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Workers at Alabama's Mercedes-Benz vote against unionizing

By Clyde Hughes & Ehren Wynder
The Mercedes Benz logo is on the hood of a Mercedes on display at the 2018 New York International Auto Show at the Jacob K. Javits Convention Center on March 28, 2018. The company's Alabama plant is voting to unionize on Friday. File Photo by John Angelillo/UPI
The Mercedes Benz logo is on the hood of a Mercedes on display at the 2018 New York International Auto Show at the Jacob K. Javits Convention Center on March 28, 2018. The company's Alabama plant is voting to unionize on Friday. File Photo by John Angelillo/UPI | License Photo

May 17 (UPI) -- Workers at Mercedes-Benz's automotive plants near Tuscaloosa, Ala., on Friday voted against joining the United Auto Workers union.

The unionization bid failed in a 2,642 to 2,045 no vote, quashing UAW's southward push.

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Voting ended Friday morning with the UAW touting that a "super majority" of the workers had already signed union cards, hinting that they were open to the idea of forming a union despite management's aggressive attempts to get them to vote "no."

Victory, however, was never guaranteed. Pro-union workers at the Alabama plants have for decades tried and failed to build enough support to hold a union election.

More than 5,000 workers were eligible to vote. There were 51 challenge votes that were not counted as they would not have changed the outcome of the election. There also were five void ballots.

It is a rare feat to unionize any employees in the South, which has been traditionally anti-union but a trend that seemed to be reversing a bit with the Volkswagen plant workers in Tennessee opting to join the UAW last month.

Alabama's Republican leadership had framed the union vote as a threat to the state's economic success.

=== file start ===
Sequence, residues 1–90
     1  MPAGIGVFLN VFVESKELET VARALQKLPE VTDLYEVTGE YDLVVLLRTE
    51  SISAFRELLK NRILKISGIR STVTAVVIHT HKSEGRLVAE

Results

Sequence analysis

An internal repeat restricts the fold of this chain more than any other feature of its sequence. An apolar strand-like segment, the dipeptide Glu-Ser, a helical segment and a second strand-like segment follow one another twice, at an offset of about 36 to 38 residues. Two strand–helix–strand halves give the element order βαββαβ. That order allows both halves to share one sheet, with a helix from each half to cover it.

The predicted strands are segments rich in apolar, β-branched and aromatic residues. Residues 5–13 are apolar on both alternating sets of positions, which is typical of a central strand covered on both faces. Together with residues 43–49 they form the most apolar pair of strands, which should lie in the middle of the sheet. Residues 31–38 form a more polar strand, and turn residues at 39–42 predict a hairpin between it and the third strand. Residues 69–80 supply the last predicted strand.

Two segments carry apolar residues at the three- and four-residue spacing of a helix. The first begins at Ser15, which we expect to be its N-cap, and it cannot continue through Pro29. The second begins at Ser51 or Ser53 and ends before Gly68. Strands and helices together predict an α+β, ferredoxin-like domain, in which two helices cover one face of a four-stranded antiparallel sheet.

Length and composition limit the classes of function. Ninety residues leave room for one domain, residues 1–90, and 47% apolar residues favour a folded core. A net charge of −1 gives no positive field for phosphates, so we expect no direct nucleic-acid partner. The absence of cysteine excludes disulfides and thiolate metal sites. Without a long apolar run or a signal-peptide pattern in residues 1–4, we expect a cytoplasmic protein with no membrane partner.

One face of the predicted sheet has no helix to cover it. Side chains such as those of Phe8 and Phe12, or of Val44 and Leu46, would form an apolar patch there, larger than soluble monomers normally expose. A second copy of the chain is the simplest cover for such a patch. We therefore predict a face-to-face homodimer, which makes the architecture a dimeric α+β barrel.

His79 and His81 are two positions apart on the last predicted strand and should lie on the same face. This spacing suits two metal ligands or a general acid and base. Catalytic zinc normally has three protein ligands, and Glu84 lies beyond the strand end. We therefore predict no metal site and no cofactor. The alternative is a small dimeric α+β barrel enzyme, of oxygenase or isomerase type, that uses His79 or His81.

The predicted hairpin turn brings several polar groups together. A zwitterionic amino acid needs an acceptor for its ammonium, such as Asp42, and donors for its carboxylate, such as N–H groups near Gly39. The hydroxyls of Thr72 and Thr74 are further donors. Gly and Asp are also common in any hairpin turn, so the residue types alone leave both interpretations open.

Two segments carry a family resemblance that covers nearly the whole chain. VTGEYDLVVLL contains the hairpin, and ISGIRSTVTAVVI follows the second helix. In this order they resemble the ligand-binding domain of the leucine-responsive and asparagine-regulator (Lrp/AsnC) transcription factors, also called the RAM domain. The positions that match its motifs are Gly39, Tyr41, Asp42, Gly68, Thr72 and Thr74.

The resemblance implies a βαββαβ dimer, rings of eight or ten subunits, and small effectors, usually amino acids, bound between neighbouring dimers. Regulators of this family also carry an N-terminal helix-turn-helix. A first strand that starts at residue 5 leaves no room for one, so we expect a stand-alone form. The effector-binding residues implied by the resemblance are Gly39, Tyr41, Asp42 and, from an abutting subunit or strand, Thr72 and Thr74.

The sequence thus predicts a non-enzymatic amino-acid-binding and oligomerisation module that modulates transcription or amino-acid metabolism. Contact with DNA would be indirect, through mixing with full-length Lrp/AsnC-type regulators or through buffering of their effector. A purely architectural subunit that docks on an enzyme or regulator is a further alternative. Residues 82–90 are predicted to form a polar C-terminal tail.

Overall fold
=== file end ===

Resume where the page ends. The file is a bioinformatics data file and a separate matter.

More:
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"The workers ... have spoken clearly!" Alabama Gov. Kay Ivey said in a statement. "Alabama is not Michigan, and we are not the Sweet Home to the UAW. We urge the UAW to respect the results of this secret ballot election."

The UAW's success in winning major concessions from Ford, General Motors and Stellantis last year has rejuvenated the country's union movement and caught the attention of autoworkers in the South who have fallen behind in wages and benefits.

Mercedes-Benz workers had said they want to take on scheduling consistency, respect for management and accountability if they became a union.

"I am for a union because I want a voice, better pay and an opportunity to get home and play with my roses in my yard," Mercedes-Benz employee Kay Finklea told the Tuscaloosa News. "That's an enjoyment of mind and I miss doing that. So, it be able to get off, and just relax and smell the roses."

The UAW is not likely going down without a fight. A week before votes were tallied, the union had filed unfair labor practice charges against Mercedes for allegedly intimidating workers prior to the election.

Under a new National Labor Relations Board standard, Mercedes could be forced to bargain with the UAW if the company is found to have interfered in the election.

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Each side has five business days to file objections alleging there was interference in the election.

If no objections are filed, the election results will be certified and the UAW will have to wait a year to file for another union election.

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